The suc­cess of a doomed En­ter­prise

The Weekend Australian - Review - - Books - The Times

On pa­per, the suc­cess of Star Trek seems a com­plete mys­tery. The orig­i­nal tele­vi­sion se­ries, chron­i­cling the ad­ven­tures of the star­ship En­ter­prise dur­ing the 23rd cen­tury, ran for just three years from 1966 and at­tracted poor au­di­ences. The sto­ry­lines were repet­i­tive, the per­for­mances of­ten laugh­ably wooden and the spe­cial ef­fects frankly ris­i­ble. As sci­ence-fic­tion fran­chises go, the show had none of the epic grandeur of Star Wars and none of the wit and imag­i­na­tion of Doc­tor Who.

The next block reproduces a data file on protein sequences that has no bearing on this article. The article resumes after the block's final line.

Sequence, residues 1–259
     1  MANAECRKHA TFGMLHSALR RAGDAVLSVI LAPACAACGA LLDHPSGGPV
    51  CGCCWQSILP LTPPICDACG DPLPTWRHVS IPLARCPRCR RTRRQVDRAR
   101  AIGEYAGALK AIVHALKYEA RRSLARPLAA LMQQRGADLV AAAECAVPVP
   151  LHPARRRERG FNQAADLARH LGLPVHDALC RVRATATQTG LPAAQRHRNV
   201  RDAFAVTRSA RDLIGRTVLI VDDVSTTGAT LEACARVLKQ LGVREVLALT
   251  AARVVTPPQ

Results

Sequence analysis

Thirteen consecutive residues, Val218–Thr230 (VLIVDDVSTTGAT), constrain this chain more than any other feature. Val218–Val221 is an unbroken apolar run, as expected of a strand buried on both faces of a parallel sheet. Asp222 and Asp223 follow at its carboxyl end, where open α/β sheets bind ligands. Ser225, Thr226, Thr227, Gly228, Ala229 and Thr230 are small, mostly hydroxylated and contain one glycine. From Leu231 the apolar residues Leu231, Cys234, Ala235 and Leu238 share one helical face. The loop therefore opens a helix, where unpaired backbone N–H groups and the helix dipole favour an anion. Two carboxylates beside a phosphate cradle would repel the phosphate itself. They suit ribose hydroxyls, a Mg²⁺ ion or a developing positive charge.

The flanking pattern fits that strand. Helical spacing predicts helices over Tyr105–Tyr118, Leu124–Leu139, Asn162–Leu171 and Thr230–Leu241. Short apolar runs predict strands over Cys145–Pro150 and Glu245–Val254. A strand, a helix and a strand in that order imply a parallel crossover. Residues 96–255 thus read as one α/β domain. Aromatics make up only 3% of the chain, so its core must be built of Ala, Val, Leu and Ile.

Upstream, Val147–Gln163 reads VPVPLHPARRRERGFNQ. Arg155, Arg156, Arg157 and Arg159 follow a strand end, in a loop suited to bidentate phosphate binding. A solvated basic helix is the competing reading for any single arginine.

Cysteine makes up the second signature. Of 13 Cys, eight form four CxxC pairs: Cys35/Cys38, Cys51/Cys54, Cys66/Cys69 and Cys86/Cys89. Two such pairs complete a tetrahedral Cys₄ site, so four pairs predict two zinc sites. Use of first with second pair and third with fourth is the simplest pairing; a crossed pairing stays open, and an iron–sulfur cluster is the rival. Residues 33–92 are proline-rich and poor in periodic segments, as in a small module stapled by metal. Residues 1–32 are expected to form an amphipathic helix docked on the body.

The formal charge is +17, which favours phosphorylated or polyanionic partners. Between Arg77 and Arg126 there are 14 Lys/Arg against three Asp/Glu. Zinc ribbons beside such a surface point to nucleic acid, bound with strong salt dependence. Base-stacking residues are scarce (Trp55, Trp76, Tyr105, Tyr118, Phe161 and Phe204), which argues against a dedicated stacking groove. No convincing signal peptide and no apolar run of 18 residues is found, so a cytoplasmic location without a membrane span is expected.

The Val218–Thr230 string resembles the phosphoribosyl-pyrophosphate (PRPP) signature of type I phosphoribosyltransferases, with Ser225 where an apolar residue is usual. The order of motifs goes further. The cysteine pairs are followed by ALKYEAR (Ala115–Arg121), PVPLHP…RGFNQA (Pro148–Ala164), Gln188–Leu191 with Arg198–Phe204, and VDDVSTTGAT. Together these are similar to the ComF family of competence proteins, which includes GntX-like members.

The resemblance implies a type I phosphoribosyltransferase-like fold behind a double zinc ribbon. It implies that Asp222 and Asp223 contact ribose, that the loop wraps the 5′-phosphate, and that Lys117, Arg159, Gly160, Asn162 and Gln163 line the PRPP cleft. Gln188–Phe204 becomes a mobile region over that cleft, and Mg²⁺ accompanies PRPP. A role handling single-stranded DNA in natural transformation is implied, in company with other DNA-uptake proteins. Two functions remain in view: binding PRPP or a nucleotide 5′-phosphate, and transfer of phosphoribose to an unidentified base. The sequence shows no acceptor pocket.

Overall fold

By the se­cond se­ries, ob­serves Mar­cus Berkmann in his good-hu­moured 50th-birth­day trib­ute, the pro­duc­ers were mer­ci­lessly reusing in­ci­den­tal mu­sic and ef­fects shots in or­der to save money, while the plots were so pre­dictable that al­most ev­ery new ad­ven­ture felt like “a vari­a­tion on a pre­vi­ous Star Trek episode”. In­deed, even when Berkmann is try­ing to per­suade us how good the se­ries was, he can­not help ad­mit­ting how bad it was — or, to use his own words, “wit­less ... truly un­watch­able ... lazy ... wil­fully in­com­pe­tent ... a turgid slab of drivel”. As for the films, they were even worse. The open­ing hour of the first film, re­leased in 1979, isn’t bad, he ad­mits. “It’s just the last seven hours that drag a bit.”